Posted by: nestaquin | April 1, 2008

Indian Imposter League

The month of April is upon us and with it approaches the embroided and jejune Indian Premier League. This chronically artificial competition concocted primarily to fill the already overflowing coffers of the Board of Control of Cricket in India (BCCI) has in the six months since its creation caused chaos, dissent and uncertainty throughout the elite levels of the cricketing world.

While one more meaningless competition is one too many, several disgruntled capitalists upset that they were excluded from the T20 honeypot, set up their own rebel league, the Indian Cricket League. The rebel league, now in its final throes, has hardly set the cricket world alight, with the overpaid and in some instances over-aged and overweight participants mostly playing to empty stadiums with empty hearts on sleeve.

The money invested by the franchise owners and the media moguls is no doubt expected to be recouped with interest and after perusing the sums involved and researching sports history it seems an exercise in delusion. Packer lost millions with World Series Cricket just as many before him lost their neatly pressed linen shirts reaching back 150 years.

There is a finite amount of money spent on cricket the world over and it would seem that the entrepreneurs in India must be conjurers of the highest order to expect a return on their investment.

There is much that excites about a franchised league with all-star teams but I must admit that the hyperbole has left me unconvinced. Honestly, it appears desperate. Before a ball has been bowled there is speculation of a transcontinental global league, the death of Test cricket, the end of loyalty to nation and a demand that a window be created in the cricketing calendar to accommodate a competition that is still in the womb.

For once, I agree with the ICC. It is best to wait and play a straight bat. This competition could be broke and busted within three seasons and it would seem folly to upend the entire cricketing schedule for a competition that is yet to prove itself.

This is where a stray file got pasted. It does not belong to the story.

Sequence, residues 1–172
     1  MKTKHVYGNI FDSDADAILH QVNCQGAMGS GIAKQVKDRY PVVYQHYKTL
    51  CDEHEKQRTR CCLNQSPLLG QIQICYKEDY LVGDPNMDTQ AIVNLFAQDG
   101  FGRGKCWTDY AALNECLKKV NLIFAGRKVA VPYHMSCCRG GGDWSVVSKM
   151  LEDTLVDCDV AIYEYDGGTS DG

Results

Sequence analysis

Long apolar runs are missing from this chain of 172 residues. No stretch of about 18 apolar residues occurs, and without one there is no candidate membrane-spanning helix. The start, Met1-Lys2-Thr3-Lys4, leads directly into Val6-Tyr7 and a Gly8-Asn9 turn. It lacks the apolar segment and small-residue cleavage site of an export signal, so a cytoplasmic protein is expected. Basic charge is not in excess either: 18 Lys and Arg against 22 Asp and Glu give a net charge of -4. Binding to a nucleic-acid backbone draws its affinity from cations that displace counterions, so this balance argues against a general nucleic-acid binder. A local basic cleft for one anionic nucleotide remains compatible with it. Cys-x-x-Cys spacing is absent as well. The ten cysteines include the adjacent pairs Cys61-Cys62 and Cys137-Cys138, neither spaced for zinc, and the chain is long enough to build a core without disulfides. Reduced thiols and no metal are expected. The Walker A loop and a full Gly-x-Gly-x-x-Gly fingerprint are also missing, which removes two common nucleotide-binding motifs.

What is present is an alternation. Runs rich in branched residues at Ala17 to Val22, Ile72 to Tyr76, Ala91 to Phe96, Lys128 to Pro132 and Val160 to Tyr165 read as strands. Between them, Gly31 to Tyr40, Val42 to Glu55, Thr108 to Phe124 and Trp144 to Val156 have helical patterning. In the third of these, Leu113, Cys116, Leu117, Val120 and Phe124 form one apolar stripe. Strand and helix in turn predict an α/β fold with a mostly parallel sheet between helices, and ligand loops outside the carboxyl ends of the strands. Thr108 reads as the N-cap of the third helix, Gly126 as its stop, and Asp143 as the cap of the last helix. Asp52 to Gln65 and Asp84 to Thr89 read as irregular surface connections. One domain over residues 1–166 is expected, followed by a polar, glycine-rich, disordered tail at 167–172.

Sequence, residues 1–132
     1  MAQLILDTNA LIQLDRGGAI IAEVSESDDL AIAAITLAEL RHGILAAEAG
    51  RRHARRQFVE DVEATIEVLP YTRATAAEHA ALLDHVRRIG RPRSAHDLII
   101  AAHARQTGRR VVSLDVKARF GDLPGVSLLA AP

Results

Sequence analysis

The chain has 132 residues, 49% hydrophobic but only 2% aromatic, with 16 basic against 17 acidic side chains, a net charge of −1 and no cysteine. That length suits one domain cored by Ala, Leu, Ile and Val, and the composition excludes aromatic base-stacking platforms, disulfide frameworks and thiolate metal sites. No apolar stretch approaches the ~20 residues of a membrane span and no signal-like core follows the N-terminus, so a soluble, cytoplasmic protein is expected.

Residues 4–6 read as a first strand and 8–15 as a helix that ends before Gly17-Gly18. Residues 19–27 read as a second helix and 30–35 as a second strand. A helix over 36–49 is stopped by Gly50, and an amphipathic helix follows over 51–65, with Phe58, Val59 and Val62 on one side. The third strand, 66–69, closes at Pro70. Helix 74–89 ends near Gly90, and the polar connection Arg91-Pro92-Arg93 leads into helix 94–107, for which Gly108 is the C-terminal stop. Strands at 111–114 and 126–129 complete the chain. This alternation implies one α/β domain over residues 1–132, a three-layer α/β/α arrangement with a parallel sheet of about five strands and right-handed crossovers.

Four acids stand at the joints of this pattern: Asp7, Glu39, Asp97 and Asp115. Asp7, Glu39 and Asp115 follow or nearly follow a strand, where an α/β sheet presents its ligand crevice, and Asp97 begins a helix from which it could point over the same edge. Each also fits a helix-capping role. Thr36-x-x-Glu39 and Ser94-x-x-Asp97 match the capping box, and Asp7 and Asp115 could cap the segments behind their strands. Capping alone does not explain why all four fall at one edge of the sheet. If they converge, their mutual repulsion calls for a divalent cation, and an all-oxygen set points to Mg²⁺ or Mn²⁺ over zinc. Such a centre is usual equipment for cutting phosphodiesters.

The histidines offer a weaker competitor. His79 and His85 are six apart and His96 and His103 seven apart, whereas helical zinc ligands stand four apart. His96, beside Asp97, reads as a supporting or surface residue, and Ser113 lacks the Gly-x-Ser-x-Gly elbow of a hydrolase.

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Responses

  1. Not what happened in England though.

    After a huge amount of market research, the ECB identified what would make the vast numbers of people who are interested in cricket, but not interested enough to attend, pitch up on the gate. Shorter matches, evenings, non-stop action, spectacle is what they wanted: and exactly these people are packing the grounds! New, additional money through giving an audience what it wants.

    Many may not like it, but T20 is here to stay in England because it “does what it says on the tin”.

  2. I have no doubt about the popularity of T20 cricket. What I question is the ability of the owners of the IPL franchises to recoup their investment.

    The economics of the competition are high-risk however the BCCI should be congratulated for their business acumen in collecting so much cash and having the eight franchisees handle the exposure.

    Most cricket competitions throughout the world are played between what are basically community organisations not American-style franchises. I’m not saying outright that it won’t work but I think there is little wrong with waiting and allowing the IPL to prove itself.

    I understand that the English are nervous about the IPL because of the money offered and the clash with county schedules. That is understandable but there is no need for haste, yet.

    A much maligned proverb states, “May you live in interesting times”, well we do Toots, if it is a blessing or a curse only time will tell.

  3. I’m 70:30 on it being a blessing. Taking the IPL along with what Stanford is doing in the West Indies, kids will see cricket as a path to riches and will be much less likely to turn to other sports.

    But it is “interesting” as you say.


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